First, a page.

(World Poets and Poetry)

Generally acknowledged as one of Africa’s most exciting poets, Kofi Awoonor has been a significant presence since the publication in 1963 of his first poems, in Gerald Moore and Ulli Beier’s Modern Poetry from Africa. His work is included in every anthology of contemporary African literature and has been translated into many languages, including Russian, French, Chinese, and German. His presence at various international forums on African literature and the awards he has won to encourage his continued study of oral traditions and contemporary African literature attest his stature, and he has been invited to read his poetry and discuss his work at colleges and universities throughout the United States and Europe.

Although he is one of the most widely traveled contemporary African writers, Awoonor has maintained and continued to explore those links to his Ewe-speaking culture and language that make his poetry effective and unique. He has captured the feel and rhythms of traditional oral poetry in an English which, unlike that of such African poets as Christopher Okigbo and Wole Soyinka, is seldom obscure. In the words of one of Africa’s foremost literary critics, Ezekiel Mphahlele (in his introduction to Awoonor’s Night of My Blood), Awoonor’s verse is “the truest poetry of Africa.” As Mphahlele says, “Although Awoonor’s poetry is packed with ideas, his gentle diction carries us there with its emotional drive, its traditional speech patterns. For all that, the poetry stays on the ground, avoiding any intellectual horseplay.”

The most critically acclaimed African poet of Awoonor’s generation, Christopher Okigbo (born in Nigeria in 1932 and killed in action with the Biafran army in 1967), said that he wrote for other poets. Awoonor, however, has sought a much broader audience, emulating, within the context of African and world literature, the role of the Ewe oral poets among their own people.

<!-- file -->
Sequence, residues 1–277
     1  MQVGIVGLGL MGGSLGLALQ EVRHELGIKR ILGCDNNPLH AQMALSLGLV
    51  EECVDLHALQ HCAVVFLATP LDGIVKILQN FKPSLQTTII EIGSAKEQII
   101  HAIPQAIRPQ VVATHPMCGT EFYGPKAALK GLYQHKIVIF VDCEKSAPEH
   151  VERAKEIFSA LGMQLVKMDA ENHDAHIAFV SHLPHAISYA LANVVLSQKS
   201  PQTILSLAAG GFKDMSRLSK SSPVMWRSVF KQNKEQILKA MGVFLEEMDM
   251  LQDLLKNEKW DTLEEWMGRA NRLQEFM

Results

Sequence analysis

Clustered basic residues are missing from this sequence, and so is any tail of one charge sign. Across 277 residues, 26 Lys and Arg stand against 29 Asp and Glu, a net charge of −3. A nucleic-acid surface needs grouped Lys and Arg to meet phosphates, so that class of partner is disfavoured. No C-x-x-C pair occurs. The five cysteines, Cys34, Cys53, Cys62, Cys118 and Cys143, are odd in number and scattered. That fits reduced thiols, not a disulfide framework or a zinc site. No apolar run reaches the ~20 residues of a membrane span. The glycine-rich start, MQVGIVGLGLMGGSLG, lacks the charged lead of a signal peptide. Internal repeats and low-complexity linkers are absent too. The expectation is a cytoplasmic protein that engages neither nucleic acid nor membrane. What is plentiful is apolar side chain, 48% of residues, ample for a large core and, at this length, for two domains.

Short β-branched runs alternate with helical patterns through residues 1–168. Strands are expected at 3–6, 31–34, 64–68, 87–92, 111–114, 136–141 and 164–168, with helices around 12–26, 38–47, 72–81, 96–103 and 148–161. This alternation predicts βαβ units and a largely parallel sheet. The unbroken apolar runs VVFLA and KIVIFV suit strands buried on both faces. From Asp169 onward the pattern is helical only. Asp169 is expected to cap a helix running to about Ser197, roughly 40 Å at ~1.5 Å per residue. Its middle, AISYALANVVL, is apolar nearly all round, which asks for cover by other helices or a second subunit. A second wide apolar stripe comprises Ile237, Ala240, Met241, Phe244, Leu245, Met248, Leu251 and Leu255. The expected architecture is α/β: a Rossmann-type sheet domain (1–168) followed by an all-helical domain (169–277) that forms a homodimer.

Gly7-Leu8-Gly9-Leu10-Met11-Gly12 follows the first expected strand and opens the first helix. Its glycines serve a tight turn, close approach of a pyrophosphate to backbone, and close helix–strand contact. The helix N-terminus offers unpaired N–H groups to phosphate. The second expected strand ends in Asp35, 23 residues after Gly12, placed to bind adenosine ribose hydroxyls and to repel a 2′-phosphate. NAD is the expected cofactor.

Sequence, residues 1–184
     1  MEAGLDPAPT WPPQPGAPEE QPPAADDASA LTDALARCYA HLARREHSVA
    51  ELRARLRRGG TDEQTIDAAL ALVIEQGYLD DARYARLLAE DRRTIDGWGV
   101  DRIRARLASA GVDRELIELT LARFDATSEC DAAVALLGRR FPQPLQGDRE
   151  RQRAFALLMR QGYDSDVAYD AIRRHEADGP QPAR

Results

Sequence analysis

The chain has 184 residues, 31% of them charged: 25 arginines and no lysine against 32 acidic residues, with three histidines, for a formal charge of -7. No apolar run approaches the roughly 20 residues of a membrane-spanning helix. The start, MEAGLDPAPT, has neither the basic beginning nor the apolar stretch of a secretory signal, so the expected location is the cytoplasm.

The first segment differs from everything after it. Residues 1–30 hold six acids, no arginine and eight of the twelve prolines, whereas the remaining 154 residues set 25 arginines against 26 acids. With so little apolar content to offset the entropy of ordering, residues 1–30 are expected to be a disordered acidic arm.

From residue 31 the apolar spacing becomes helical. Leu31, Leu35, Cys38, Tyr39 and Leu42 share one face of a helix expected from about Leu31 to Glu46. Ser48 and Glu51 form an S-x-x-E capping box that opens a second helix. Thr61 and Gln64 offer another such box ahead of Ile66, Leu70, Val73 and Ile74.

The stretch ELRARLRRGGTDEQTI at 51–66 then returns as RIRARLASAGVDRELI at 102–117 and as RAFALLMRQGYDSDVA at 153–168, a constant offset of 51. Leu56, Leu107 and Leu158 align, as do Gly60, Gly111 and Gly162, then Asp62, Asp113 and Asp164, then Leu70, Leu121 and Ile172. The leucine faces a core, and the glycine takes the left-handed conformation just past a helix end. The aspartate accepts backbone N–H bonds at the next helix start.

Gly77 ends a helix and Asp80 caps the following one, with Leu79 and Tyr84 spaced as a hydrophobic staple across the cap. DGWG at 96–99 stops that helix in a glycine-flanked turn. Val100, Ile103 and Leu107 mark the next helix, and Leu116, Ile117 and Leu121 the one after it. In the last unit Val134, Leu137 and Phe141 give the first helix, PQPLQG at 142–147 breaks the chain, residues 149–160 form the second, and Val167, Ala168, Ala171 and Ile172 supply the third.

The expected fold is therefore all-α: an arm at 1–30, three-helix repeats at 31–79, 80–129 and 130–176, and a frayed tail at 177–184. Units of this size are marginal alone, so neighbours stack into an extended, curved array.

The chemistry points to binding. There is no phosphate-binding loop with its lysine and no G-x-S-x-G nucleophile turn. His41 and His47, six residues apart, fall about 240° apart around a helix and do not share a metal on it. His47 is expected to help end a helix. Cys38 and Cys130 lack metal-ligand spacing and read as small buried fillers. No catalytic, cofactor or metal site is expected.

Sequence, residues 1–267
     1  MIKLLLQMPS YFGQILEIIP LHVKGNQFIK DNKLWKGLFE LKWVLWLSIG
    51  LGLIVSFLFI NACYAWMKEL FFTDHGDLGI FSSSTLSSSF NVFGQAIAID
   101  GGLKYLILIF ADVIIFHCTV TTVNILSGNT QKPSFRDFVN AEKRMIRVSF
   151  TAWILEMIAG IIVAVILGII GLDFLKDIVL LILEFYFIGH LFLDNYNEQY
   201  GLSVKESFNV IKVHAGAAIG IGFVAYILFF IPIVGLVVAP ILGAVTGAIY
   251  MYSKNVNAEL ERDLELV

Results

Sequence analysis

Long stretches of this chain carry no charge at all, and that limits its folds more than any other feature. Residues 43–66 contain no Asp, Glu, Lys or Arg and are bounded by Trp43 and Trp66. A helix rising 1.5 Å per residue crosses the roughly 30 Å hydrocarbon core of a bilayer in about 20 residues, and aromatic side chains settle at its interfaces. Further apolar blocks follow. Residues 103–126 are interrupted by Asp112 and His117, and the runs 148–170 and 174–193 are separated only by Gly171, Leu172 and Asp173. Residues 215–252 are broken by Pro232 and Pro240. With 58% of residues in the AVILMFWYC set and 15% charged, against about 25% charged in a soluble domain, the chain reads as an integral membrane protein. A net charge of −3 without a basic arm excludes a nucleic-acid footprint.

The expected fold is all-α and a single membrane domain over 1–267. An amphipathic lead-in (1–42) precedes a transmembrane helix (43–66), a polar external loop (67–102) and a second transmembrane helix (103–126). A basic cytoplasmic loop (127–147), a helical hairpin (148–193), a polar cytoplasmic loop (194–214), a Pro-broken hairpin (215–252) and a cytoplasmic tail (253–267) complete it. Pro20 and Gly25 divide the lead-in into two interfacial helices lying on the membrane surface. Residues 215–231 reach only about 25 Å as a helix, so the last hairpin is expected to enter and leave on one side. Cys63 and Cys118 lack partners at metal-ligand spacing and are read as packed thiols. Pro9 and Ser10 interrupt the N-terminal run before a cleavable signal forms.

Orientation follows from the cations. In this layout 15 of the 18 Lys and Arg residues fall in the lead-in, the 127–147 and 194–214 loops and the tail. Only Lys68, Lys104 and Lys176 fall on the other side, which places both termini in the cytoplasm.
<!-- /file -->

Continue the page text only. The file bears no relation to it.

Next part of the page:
Awoonor has led a life exemplary of the committed writer, saying once that he “thrives on opposition and conflict” and stating early in his career that his pet aversions are “poseurs and hypocrites and righteous men.” Always political but never doctrinaire or propagandistic, he speaks with passion about the inequities of the world in a voice that avoids stridency. Indeed, his voice is often as gentle as a lover’s, but his vision is unclouded by romanticism. His stance is closest, perhaps, to that of another well-traveled poet who addressed his verse to the common people—Pablo Neruda.

Awoonor’s greatest accomplishment may lie in his synthesis of African ideas and Western experience. He reveres the philosophy of Africa yet moves in the technological world of the late twentieth century with ease, drawing from both cultures to forge a literary voice at once genuinely African and distinctly modern. Awoonor’s language effects a similar synthesis, carrying the strong music of his native Ewe into English. (He continues to write in his native language, often doing first drafts in Ewe and producing both Ewe and English final versions.) Ewe is a highly tonal language, sung as much as spoken, with tonality determining the meaning of innumerable words. That Awoonor has made the transition from Ewe to English without sounding strained, stilted, or incomprehensible is almost an act of magic.